By Diane Sulg, CRAFT Executive Director and founder & co-chair of American Craft Week (ACW)
Photo Credits: Maymeep Studio
Peggy Sue Wollins has a vivid imagination. When she was a little girl, she made up words, and her word for fun was “maymeep.” In adult life, both her untamed imagination and love of “maymeep” have served her well, fueling an interesting and successful handcrafted business.
She always loved the energy found in creative enterprises, and although her family never encouraged the artist in her, many of Peggy’s early adult years were spent as a salesperson in Washington, D.C. galleries where “she never met a stranger.” She loved the people, the art, and oh yes, definitely every color of the rainbow! Fast forward a few years, and she was a full-time Mom with a definite creative urge. She suggested to her husband that as a Christmas gift, they take a pottery class at nearby Manassas Clay.
That was the gift that changed it all! At first, they made functional ware — cups, plates and bowls. But then came the day they made closed forms. For Peggy, it was great maymeep (read “fun”). As she worked and molded the clay, she began to see things like birds, or fish, or maybe even dogs. It took a while for a business to emerge from those clay mounds, but eventually it did. Like when she gave a good friend one of her hand-sculpted birds, and the friend showed it to a gallery owner, and the gallery asked if they could sell some. And when she and a friend decided to do an art show together in Wyandotte, Michigan and she sold everything she brought.
Peggy also credits Terrie Floyd, an artist herself who also worked with Emerging Artists for the ACRE shows. Terrie opened the window on wholesale, giving Peggy all the information, she needed to take twenty-two orders from retailers at the 2014 ACRE Orlando. Maymeep Studio was a reality and Peggy was enjoying a heap of maymeep!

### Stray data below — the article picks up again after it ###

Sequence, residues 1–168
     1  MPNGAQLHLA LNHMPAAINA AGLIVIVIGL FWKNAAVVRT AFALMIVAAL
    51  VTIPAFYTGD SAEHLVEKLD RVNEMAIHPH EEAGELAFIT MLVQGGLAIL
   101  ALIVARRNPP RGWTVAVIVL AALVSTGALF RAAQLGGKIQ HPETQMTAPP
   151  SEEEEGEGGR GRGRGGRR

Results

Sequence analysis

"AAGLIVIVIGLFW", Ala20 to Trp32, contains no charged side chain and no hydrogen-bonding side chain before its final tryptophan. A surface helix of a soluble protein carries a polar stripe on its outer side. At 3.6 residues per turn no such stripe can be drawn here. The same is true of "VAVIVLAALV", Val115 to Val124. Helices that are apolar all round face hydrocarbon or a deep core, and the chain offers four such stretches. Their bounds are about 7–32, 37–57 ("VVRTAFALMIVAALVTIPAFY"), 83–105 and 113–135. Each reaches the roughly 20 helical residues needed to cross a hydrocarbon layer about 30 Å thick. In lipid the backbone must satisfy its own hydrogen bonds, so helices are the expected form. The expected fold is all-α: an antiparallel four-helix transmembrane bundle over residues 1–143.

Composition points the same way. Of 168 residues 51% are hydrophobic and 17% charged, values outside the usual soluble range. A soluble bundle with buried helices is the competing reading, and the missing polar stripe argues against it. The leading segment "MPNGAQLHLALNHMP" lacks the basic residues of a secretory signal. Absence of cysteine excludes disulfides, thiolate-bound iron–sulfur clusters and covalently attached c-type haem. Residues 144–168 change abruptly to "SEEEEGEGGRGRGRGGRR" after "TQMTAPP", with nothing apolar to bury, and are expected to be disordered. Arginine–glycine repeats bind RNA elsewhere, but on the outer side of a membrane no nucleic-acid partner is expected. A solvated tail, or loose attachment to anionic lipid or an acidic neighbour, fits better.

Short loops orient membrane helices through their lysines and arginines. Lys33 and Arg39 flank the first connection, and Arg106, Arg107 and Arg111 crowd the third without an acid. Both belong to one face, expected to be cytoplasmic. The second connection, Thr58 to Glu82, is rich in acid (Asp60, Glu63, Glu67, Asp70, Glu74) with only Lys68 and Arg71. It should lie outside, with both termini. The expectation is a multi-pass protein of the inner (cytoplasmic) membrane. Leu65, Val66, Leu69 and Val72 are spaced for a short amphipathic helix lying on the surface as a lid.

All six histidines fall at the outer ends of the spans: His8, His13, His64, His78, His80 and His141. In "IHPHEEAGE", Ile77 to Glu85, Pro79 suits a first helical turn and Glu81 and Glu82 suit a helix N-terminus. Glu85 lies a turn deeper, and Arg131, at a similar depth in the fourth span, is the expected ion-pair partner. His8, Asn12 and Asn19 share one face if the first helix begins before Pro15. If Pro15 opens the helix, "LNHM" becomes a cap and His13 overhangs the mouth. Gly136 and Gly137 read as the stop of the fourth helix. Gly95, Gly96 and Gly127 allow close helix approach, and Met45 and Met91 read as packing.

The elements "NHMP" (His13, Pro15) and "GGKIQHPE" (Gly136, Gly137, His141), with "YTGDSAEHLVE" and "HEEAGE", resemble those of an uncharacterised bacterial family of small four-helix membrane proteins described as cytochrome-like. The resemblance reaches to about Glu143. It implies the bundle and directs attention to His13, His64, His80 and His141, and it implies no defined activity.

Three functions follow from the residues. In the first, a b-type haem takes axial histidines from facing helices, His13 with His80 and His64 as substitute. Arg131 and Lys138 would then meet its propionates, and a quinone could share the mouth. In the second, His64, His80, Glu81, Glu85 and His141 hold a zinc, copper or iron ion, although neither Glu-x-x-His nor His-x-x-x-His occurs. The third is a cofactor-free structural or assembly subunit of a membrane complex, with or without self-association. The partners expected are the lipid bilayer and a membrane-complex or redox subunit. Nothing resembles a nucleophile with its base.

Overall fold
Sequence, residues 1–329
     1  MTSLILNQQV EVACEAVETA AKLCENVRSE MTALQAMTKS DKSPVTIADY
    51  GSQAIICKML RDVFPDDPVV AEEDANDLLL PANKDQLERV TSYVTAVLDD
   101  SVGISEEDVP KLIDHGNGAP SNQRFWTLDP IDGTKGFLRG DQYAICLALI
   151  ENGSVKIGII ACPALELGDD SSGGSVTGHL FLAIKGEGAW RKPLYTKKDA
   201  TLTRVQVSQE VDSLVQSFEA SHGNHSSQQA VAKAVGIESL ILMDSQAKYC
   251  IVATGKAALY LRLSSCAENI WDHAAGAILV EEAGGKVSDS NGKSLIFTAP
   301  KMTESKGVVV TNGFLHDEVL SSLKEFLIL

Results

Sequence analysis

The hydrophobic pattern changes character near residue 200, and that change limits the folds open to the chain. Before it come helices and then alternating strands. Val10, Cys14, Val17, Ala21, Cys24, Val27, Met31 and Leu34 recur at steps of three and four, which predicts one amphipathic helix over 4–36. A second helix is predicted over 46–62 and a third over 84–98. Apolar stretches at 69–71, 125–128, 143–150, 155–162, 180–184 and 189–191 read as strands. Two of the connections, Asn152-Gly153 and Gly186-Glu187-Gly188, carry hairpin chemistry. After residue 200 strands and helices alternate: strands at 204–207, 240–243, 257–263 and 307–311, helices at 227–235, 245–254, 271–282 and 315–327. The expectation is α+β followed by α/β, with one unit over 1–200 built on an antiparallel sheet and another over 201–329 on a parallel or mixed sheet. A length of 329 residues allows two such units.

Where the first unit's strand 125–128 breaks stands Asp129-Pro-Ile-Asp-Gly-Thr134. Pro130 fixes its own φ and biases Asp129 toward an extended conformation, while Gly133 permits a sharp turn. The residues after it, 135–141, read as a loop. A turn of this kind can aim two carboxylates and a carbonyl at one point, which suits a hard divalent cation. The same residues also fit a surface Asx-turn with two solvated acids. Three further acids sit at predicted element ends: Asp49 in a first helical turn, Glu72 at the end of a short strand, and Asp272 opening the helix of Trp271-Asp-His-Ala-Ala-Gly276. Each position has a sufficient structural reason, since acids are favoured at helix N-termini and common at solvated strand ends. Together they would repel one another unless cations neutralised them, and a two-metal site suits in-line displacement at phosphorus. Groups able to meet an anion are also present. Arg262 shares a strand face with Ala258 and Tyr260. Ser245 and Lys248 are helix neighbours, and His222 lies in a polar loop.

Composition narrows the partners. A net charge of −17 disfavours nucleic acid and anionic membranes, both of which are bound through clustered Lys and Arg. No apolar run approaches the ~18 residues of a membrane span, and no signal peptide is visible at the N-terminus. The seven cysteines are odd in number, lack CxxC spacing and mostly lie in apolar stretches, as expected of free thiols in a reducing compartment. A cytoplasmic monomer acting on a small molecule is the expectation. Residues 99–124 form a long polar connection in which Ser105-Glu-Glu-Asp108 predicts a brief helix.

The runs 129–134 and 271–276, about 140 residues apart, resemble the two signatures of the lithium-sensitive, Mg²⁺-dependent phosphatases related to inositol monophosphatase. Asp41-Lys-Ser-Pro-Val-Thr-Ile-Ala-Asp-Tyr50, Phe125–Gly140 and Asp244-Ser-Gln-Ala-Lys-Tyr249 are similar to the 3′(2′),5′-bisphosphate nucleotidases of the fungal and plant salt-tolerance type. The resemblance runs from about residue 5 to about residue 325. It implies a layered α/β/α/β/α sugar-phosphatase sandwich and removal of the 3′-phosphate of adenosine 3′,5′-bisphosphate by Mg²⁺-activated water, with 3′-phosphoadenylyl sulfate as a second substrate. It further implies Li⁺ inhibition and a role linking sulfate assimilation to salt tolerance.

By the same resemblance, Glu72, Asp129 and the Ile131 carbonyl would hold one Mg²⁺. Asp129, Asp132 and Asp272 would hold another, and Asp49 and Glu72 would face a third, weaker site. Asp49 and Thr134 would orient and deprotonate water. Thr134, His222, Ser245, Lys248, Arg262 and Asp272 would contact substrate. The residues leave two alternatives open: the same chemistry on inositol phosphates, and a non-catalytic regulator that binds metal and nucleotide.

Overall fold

Naturally there were still learning curves, like doing the ACRE show again in both 2015 and 2016, and finding it resulted in more orders than one person, handcrafting every little detail, could possibly fill. She handed off the computer work to her husband, but Peggy still forms every mound of clay and works it until the perfect animal emerges. She painstakingly chooses glaze colors based on their personality and adds bits of discarded junk metal as finishing features. She also only exhibits every other year at the American Handcrafted Show in Philadelphia, does not sell online, and does not do retail.
When a gallery owner suggested she give each piece a SKU and barcode, Peggy recoiled at the idea. These were her good friends in the menagerie! So now after the animals are totally complete, Peggy invites her husband to sit with her, perhaps enjoy a cocktail, and bestow on each a most fitting moniker. This means gallery owners are excited to have their customers adopt a member of the Maymeep menagerie, such as Finn (a fish), Skittles (a dog), or even Zebediah (a bird). You can meet the current menagerie gang at www. maymeep.com.
Peggy vacillates about hiring a studio assistant, knowing her studio could produce more. But she holds off because she loves the thrill of the entire creative process, the rush she gets at her wholesale show when she sells everything and takes two years’ worth of orders. Peggy knows her hands and heart are full with what she has now, and she certainly wants to keep it all very maymeep!
Diane Sulg is Executive Director of CRAFT and founder & co-chair of American Craft Week (ACW). She is a handmade advocate that provides valuable information in her one-day seminars titled “All About Wholesale” at wholesale shows throughout the United States. Diane is the former owner of Maddi’s Gallery in Charlotte and Huntersville, N.C.